A Strange new world

Forget everything you think you know. Dr. Strange thrusts us down a beautiful and phantasmagorical rabbit hole that merges the reality we know with the multiple realities contained in the Multiverse.

Dr. Stephen Strange (Benedict Cumberbatch – The Imitation Game) is a gifted brain surgeon. He is a rock star in his field, he:

  • lives in a penthouse suite
  • has a wardrobe of luxury watches
  • drives a Lamborghini Huracan.

Strange has as much disdain for the rules of the road as he has for the ignorance of his less-talented peers.

The film opens with numerous displays of both his brilliance and his arrogance, but, oh, how the mighty is about to fall.

In a near fatal car accident caused because he was texting, the famous neurosurgeon awakens in a hospital to find his hands have been damaged beyond repair.

Desperate to regain the use of his hands and frustrated by western medicine’s inability to create the miracle he needs, Strange learns of a paraplegic who miraculously regained his ability to walk after going to a temple in Nepal.

Selling the last of his possessions, Strange makes a pilgrimage to the mysterious Kamar-Taj cabal and finds himself in the presence of The Ancient One (brilliantly played by Tilda Swinton – Hail! Caesar).

Accustomed to being the smartest one in the room, Strange tries to make sense out of the mysterious ways of the sect and dismisses a lot of their ways as things he could buy in a gift shop.

As it turns out, he doesn’t know much. The Ancient One chastises him for his ego and pushes his spirit out of his physical body.

His “tour of the Universe” spirits him through the cosmos and black holes, but also into the depths of his own eye. 

The journey culminates with Strange being swarmed by countless hands sprouting even more hands from each finger. (Warning: Do not drop acid and watch this film. Seriously.)  

Strange is forever changed and wants to know more. He becomes an avid learner as his inner nerd is determined to become the smartest student in the place.

After what might be weeks or months, we aren’t sure, but it’s long enough for him to give himself a spiffy Tony Stark-esque beard, Strange acquires enough wizardly skills to start delving into the higher level magic books that involve the ability to bend and control time. 

Add his new-found, time-bending skill to a happenstance meeting with an ancient cloak that not only gives him the ability to fly, but will also fight villains on his behalf and you have the makings of a unique super hero. 

As in all Marvel movies, the action boils down to a rip-roaring battle of good vs. evil where the future of the Earth hangs in the balance.

This time, the ending is just trippy and thought provoking enough that we don’t really mind the predictable plot.

In a year where big budget CGI is now commonplace, Dr. Strange uses the technology to full advantage.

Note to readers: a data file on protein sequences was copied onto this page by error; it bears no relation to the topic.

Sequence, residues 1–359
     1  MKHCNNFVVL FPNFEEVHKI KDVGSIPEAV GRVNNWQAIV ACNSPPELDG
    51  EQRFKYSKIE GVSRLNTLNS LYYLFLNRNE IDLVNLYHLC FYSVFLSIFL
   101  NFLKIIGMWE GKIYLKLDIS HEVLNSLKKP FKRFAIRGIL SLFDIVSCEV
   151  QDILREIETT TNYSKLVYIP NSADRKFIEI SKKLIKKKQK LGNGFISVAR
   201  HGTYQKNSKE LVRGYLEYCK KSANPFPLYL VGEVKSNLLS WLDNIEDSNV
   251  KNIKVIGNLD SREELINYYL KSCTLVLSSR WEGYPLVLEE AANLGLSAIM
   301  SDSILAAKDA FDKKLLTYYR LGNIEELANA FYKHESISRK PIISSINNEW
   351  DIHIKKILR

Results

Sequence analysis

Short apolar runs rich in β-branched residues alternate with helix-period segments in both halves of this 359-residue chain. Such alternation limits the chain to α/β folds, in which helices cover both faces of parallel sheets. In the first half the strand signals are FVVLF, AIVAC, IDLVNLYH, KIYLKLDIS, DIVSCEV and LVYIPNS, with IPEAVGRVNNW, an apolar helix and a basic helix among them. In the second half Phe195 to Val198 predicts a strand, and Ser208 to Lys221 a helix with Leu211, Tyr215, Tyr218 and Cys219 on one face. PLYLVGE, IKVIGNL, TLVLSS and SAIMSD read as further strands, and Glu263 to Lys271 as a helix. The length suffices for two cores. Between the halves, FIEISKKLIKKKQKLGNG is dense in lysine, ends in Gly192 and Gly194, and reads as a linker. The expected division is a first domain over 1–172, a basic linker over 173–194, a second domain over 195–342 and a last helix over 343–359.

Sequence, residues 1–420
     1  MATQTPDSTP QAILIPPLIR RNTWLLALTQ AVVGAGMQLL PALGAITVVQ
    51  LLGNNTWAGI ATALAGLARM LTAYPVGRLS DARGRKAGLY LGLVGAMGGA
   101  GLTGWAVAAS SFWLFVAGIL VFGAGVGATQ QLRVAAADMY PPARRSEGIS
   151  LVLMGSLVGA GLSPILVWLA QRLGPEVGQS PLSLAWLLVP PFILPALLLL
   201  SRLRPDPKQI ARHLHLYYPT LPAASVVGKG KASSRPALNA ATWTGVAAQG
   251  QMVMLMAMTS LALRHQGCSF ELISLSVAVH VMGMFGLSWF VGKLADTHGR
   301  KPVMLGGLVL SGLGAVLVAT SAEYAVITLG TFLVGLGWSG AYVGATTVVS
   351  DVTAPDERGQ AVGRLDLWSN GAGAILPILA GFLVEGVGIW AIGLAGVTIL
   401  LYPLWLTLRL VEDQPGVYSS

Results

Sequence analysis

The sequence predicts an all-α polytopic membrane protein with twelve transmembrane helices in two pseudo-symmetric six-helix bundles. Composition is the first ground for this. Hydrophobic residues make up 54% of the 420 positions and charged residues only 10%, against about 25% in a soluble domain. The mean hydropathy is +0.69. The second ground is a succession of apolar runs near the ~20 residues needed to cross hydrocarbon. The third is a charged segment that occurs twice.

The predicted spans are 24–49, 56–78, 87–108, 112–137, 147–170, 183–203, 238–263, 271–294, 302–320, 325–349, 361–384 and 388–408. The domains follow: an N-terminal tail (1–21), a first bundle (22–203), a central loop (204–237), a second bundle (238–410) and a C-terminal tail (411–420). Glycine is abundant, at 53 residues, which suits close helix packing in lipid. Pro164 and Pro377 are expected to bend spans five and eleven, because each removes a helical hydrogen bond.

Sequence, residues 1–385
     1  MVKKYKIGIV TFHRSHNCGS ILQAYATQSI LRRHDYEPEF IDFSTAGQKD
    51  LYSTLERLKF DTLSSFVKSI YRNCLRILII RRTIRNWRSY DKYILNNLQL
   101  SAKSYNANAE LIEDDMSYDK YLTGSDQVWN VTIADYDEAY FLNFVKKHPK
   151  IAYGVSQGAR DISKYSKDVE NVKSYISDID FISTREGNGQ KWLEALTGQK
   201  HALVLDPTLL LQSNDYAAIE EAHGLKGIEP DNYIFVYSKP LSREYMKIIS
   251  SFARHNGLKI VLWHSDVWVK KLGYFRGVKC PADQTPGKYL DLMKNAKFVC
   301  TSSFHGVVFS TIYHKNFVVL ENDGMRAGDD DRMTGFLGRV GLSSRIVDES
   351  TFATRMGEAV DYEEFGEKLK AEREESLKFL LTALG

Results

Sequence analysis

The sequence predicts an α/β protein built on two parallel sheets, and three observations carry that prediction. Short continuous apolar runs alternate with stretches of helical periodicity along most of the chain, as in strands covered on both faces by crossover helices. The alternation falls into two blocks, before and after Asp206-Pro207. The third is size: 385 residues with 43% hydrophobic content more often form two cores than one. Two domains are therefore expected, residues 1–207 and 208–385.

In scenes that feel like Alice In Wonderland marauding through an M.C. Escher painting, worlds and realities shift with the wave of a hand. 

Gravity, time and reality planes all become weapons during the movie’s ground breaking magical brawls.

Cumberbatch is a fantastic anti-hero and is a character we love to hate at the beginning of the film. Watching him evolve and grow into his new found abilities is exciting and touching.

At every turn, we believe his struggle and his resistance to absorb the shifts he endures.

Rachel McAdams (Spotlight) is lovely, intelligent and charming as his love interest, Dr. Christine Palmer.

There is solid casting all around with actors Chiwetel Ejiofor as Mordo (12 Years a Slave) and Benedict Wong as Wong (The Martian) for team Strange and Mads Mikkelsen (Hannibal, TV) as Kaecilius the good guy turned bad villain.

Jon Spaihts (Prometheus) and Director Scott Derrickson deserve major kudos for some excellent script writing as the film provides many moments that will make you laugh and ponder.

“We never lose our demons, we only learn to live above them.”

Dr. Strange is strange – and different. It is one of the better films so far this year and right now, we could all use a little hopeful diversion. 

I give this film 4 out of 5 hearts.

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About the Author

Kim Foreman-Rhindress is a graduate of the American Academy of Dramatic Arts in New York City and London Western Conservatory of music for piano and voice. 

Kim has been performing in theatre and film for over 30 years in Canada, NYC, Palm Beach, Los Angeles, and the Netherlands. She has written several plays which have been produced in Canada and the U.S., and is the founder of Kelowna Voice Lab - helping people find their voice, be it singing or acting. 

A working musician, she performs regularly in Kelowna with her husband, Jim Rhindress, in an acoustic duo Smitten, and with her vintage trio Kitsch 'n Sync.  

The views expressed are strictly those of the author and not necessarily those of Castanet. Castanet does not warrant the contents.

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